Kentucky Food - From Farm to Plate
When consumers buy local food, their purchases support our Kentucky farmers and businesses and helps Kentucky's economy grow.
Lee County residents are learning low-cost methods they can use to improve their health through gardening. Ted Johnson, a University of Kentucky Cooperative Extension Service agent in the county, installed several raised bed gardens at the extension office. He offers classes to residents throughout the growing season to show them how raised bed gardening is easy, economical and healthy.
Will and Maggie Bowling are the future of Kentucky Agriculture. They are also the present. The two biology graduates are using their educations, hands-on experience, and participation in the Kentucky Agricultural Leadership Program (KALP) to bring locally-grown and produced food to Clay and surrounding counties.
From ice cream and summer sausage to jams, jellies, popcorn, and more, an increasing array of local, Kentucky-produced foods are making their way into mainstream retailers, thanks to the support of the Kentucky Proud marketing program.
May has finally arrived, and soon we’ll hear the much anticipated pounding of the hooves. The 143rd running of the Kentucky Derby is here! For the fourth year in a row, the smells at the track include the delicious aromas of Churchill Downs Executive Chef David Danielson.
A feature with Churchill Downs Executive Chef, Dave Danielson, who in seven years at the track has seen tremendous growth in its use of Kentucky Proud and locally grown produce and value added products. He says there are more products out there, farmers and distributors are making connections for sales, and the track is working hard to buy even more local products.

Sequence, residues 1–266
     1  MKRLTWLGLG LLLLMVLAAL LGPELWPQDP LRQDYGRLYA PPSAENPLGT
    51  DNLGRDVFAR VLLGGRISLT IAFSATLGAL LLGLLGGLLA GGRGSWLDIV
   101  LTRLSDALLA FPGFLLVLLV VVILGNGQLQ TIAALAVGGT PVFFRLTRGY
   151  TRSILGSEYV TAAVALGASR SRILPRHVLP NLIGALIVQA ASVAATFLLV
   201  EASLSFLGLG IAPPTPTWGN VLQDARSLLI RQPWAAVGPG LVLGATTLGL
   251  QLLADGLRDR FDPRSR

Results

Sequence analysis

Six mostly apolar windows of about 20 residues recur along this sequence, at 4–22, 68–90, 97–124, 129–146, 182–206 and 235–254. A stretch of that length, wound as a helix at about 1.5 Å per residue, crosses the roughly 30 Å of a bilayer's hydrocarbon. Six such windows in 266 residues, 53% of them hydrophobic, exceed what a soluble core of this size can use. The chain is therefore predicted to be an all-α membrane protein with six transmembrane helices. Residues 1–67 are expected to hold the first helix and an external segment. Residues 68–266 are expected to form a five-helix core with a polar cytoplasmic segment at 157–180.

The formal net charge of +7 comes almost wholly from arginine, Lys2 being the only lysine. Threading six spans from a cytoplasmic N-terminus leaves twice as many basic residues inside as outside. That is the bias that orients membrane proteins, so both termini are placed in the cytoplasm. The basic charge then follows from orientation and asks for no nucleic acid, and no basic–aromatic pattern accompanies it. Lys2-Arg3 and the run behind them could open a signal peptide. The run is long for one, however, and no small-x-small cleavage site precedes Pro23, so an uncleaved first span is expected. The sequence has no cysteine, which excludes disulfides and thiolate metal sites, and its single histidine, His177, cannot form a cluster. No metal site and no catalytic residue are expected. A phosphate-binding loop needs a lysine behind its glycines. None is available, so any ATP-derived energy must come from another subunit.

Three chefs have begun work with Kentucky schools in the Kentucky Department of Agriculture’s Chefs in Schools program.
New KDA program rewards businesses for offering more Kentucky farm-sourced menu items
Kentucky Proud has unveiled Buy Local, a new program intended to encourage restaurants and other food service businesses to purchase locally produced food products, Agriculture Commissioner Ryan Quarles has announced.
In a world where many owners list their businesses and products in capital letters to draw attention, Mark Jensen has a different philosophy. It’s no typographical error that middle fork kitchen bar breaks a grammatical rule by preferring its name written entirely in lower-case letters.
Mike and Toa Green’s business philosophy is to let customer demand dictate their business decisions.
In 2011, the couple, who owned Thai Orchid Café in Lexington, decided on a whim to add a new dessert to the menu of their Kentucky Proud restaurant. Coconut ice cream, popular in Thailand, was added because it pairs well with spicy Thai dishes.
Feldhaus reports results on a first-ever Local Food Marketing Practices Survey that provides some telling data for high potential for direct sales of produce and foods. Dave Knopf, director of the regional office of USDA’S National Ag Statistics Service provides details which can have immediate impact for Kentucky farmers.
Fourth quarter results of the latest Kentucky Farm Bureau Marketbasket Survey indicated a slight decrease in surveyed food prices and marked declines in three of the four quarters of 2016. With the exception of last year’s second quarter, price declines indicated by the survey have been realized over the last two years.
A feature report with a Kentucky Proud entrepreneur, who retired from state government and who, with a Christmas gift recipe for her special sauce, has turned that hobby into a thriving Kentucky Proud business. Nancy Ward of Ward’s Kentucky Specialties provides details of her growing product line with items now available at Kroger stores and on line.